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National Heart, Lung, and Blood Institute, NIH, DHHS
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Information About PDF

Adobe Acrobat's portable document format (PDF) files are widely used on the Web because they preserve the original appearance of the printed document. To access these files, you must have the Acrobat Reader installed on your computer, configured to work with your browser. When viewed or printed in the Acrobat Reader, the document appears as it does in the hard copy version.

Many PDF documents contain bookmarks to the major sections. If the bookmarks are not visible when you open the file, select the bookmark button in the Button Bar of the Acrobat Reader. Just click a bookmark to jump to the corresponding topic or section in the document. To view sub-topic bookmarks, click the triangle icon at the left of a bookmark.   If you do not have the Acrobat Reader, you may download a free copy from Adobe.



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Information for those who have problems opening PDF files

Sometimes our visitors find it easier to open PDF files if they first download them to their computer and then open them as they would any document. If you have not tried this already, you may want to see if these four steps work for you:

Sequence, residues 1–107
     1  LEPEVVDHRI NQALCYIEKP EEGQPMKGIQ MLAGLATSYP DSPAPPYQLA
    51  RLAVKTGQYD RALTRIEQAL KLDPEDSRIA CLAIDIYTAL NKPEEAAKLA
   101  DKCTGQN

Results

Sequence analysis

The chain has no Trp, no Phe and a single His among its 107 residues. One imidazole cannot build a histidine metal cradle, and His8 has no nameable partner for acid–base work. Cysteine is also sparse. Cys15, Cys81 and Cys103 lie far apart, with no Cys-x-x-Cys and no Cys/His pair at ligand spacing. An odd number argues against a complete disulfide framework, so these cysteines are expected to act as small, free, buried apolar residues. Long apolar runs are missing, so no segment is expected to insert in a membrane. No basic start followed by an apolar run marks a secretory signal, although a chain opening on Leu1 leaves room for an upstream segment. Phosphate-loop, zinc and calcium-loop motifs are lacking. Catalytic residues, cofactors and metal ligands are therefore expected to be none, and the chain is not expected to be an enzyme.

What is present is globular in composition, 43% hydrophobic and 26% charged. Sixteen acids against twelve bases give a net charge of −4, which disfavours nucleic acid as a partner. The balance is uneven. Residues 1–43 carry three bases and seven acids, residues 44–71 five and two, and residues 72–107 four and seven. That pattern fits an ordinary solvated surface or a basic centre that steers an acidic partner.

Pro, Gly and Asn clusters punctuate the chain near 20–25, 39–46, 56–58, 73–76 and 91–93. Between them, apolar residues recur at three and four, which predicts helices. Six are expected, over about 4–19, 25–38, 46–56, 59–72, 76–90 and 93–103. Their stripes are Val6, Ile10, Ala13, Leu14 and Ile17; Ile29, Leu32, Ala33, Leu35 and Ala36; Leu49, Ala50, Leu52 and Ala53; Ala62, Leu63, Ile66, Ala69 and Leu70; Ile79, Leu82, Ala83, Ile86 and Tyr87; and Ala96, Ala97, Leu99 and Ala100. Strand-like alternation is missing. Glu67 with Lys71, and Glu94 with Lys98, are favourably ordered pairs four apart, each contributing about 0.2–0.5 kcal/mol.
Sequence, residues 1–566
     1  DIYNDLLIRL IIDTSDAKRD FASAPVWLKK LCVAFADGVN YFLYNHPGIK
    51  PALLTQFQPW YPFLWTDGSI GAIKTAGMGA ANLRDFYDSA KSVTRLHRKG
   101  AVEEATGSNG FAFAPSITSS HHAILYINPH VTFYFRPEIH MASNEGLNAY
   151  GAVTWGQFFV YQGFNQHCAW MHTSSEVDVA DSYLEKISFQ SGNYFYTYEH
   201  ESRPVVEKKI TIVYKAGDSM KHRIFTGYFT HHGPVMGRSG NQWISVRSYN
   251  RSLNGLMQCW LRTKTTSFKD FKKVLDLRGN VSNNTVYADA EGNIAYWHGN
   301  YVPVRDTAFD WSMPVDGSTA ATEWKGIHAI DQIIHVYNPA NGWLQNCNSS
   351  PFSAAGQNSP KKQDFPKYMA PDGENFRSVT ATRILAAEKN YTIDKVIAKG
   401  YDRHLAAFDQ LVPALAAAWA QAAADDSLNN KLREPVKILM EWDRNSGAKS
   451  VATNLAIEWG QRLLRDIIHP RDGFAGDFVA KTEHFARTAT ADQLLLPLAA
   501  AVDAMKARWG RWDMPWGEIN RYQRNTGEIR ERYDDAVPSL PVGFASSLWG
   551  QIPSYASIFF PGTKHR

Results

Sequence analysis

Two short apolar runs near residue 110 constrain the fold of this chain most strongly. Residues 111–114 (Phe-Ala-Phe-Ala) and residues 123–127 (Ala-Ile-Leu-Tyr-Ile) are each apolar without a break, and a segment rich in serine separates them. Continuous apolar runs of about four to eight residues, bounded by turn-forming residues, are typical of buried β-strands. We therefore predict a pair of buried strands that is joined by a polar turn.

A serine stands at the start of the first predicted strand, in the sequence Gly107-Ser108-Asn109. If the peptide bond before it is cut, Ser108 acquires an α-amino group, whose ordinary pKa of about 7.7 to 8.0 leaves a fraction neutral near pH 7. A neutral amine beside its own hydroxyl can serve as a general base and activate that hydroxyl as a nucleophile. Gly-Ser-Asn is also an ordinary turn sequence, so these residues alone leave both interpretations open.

1. Right-click (Windows) or click and hold (Macintosh) on the link to the PDF file.

2. From the popup menu, select Save Link As (Netscape) or Save Target As (Internet Explorer).

3. Select the location where you want to save the file then select Save.

4. Open Acrobat Reader, choose open from the file menu, locate the file, and select open.

For additional information, please go to the Adobe Acrobat Reader Support page.





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Attention, blind and visually impaired visitors:

Links to the enhanced Acrobat Reader and to Adobe's online conversion tools are below.

Download Adobe Acrobat 5.0.5 Reader with Search and Accessibility
Note: Macintosh Reader installers marked "monolithic" are single file installers intended for use on tangible media and inside firewalls.

Access.Adobe.Com links to a set of tools that allow blind and visually impaired individuals to read any document in Adobe PDF. The tools convert PDF documents into simple HTML or ASCII text that can then be read by a number of common screen reading programs that synthesize the HTML as audible speech.




















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by using the appropriate link on the page, Contact the NHLBI.










Note to users of screen readers and other assistive technologies: please report your problems here.